Firm Pays $3M to Settle |Ammonia Release Claim

     (CN) – Millard Refrigerated Services will pay $3 million to settle claims over an airborne release of ammonia from its Alabama facility in 2010 that sickened 152 people responding to the BP oil spill.
     In a complaint filed on Friday, along with the motion for settlement, the U.S. Environmental Protection Agency and Department of Justice claim that on August 23, 2010 about 32,000 pounds of anhydrous ammonia was released from Millard’s Theodore, Alabama, facility after refrigeration equipment malfunctioned.
     The release itself was a violation of the Clean Air Act, the agencies said. More troubling at the time however was the fact exposure to high concentrations of anhydrous ammonia can be lethal.
     According to the complaint, the travelled directly over a site where more than 800 people were working on decontaminating ships responding to the BP oil spill in the Gulf of Mexico.
     The Mobile, Alabama, Emergency Management Agency ordered an evacuation of the surrounding area and a one mile shelter in place situation following the ammonia release. In all, 152 people working at the site and on ships were treated for symptoms of ammonia exposure at hospitals in the Mobile area, and four of them were admitted into intensive care units.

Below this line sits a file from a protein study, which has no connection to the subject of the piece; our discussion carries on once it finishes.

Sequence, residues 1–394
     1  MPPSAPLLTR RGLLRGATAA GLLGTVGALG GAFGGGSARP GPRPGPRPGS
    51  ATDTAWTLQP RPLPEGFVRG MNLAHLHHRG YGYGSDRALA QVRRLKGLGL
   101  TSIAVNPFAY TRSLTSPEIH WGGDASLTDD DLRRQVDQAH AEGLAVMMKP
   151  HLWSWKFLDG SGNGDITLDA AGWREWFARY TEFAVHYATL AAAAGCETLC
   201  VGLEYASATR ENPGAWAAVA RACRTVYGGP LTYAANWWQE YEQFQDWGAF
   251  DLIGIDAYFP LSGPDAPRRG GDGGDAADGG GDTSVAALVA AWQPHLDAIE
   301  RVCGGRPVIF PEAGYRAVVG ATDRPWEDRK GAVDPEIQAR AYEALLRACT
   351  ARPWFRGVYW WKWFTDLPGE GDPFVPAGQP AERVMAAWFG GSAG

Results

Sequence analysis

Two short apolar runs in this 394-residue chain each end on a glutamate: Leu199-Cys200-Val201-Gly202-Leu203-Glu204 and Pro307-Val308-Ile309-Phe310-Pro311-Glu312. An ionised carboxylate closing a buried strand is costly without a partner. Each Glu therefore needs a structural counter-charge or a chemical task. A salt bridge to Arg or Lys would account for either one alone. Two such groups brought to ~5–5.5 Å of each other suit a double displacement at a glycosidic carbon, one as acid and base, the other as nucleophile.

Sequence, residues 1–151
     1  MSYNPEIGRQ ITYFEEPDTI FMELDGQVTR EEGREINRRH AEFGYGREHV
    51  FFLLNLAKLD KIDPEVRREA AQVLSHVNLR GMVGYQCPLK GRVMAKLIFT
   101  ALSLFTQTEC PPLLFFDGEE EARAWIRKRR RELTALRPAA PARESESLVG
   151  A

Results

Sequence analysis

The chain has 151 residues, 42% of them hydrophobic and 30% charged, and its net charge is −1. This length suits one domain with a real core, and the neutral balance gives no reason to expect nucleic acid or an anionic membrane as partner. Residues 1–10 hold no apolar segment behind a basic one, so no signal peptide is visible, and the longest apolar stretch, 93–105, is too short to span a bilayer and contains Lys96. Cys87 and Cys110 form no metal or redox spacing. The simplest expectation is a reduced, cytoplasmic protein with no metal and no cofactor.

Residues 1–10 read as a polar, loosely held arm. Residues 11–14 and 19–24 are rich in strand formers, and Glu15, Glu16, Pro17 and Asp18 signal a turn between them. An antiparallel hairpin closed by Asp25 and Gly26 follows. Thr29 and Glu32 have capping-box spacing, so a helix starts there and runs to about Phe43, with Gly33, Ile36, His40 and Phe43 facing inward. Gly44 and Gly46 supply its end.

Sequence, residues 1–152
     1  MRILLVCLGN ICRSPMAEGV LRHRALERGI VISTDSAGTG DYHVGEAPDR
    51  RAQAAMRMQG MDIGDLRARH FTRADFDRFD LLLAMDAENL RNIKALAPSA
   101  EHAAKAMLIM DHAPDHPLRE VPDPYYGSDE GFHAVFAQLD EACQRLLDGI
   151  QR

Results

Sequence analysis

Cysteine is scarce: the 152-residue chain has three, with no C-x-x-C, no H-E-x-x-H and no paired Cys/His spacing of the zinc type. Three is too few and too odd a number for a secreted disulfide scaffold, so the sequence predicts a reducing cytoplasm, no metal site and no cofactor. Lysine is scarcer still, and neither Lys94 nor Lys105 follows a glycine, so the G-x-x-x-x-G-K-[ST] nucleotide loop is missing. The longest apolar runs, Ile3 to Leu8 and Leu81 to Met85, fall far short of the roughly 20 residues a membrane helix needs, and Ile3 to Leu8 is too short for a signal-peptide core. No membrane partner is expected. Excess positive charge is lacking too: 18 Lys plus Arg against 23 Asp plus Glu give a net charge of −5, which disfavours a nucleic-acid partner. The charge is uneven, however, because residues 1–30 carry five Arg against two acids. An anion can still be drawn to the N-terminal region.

One Millard employee sustained injuries after briefly losing consciousness from ammonia inhalation, the agencies said.
     The EPA said that during a subsequent investigation of the incident, it found that Millard failed to adequately address a well-known risk for ammonia production systems called hydraulic shock, which can cause catastrophic equipment failures. These failures can lead to hazardous releases of anhydrous ammonia.
     The company’s failure to address this risk, in addition to other deficiencies in its production and safety systems, amounted to 37 distinct violations of the Clean Air Act’s Risk Management Program and General Duty Clause, the agency said.
     These requirements compel companies that store or use potentially-hazardous substances like ammonia to identify the hazards posed by their operation, design and maintain a safe facility, and minimize the consequences of any releases that might occur.
     The company’s failure to immediately report a release of anhydrous ammonia above the reportable quantity to the National Response Center also amounted in a violation of the Community Right-to-Know Act and Comprehensive Environmental Response, Compensation, and Liability Act, the agency’s said.
     The EPA said it also discovered that Millard had two prior smaller ammonia releases caused by hydraulic shock, which should have signaled a need to take steps to prevent a catastrophic release like the one that occurred at the Theodore warehouse. Millard later sold the warehouse facility, which is no longer in operation.
     The settlement was approved by Chief U.S. District Judge William Steele of the Mobile, Alabama Federal Court.

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